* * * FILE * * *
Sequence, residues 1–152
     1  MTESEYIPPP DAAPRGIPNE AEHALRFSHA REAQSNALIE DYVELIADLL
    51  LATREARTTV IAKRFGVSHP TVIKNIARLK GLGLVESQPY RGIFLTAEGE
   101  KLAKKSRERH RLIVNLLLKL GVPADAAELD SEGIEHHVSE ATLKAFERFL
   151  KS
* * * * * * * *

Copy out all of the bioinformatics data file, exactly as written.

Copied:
Sequence, residues 1–152
     1  MTESEYIPPP DAAPRGIPNE AEHALRFSHA REAQSNALIE DYVELIADLL
    51  LATREARTTV IAKRFGVSHP TVIKNIARLK GLGLVESQPY RGIFLTAEGE
   101  KLAKKSRERH RLIVNLLLKL GVPADAAELD SEGIEHHVSE ATLKAFERFL
   151  KS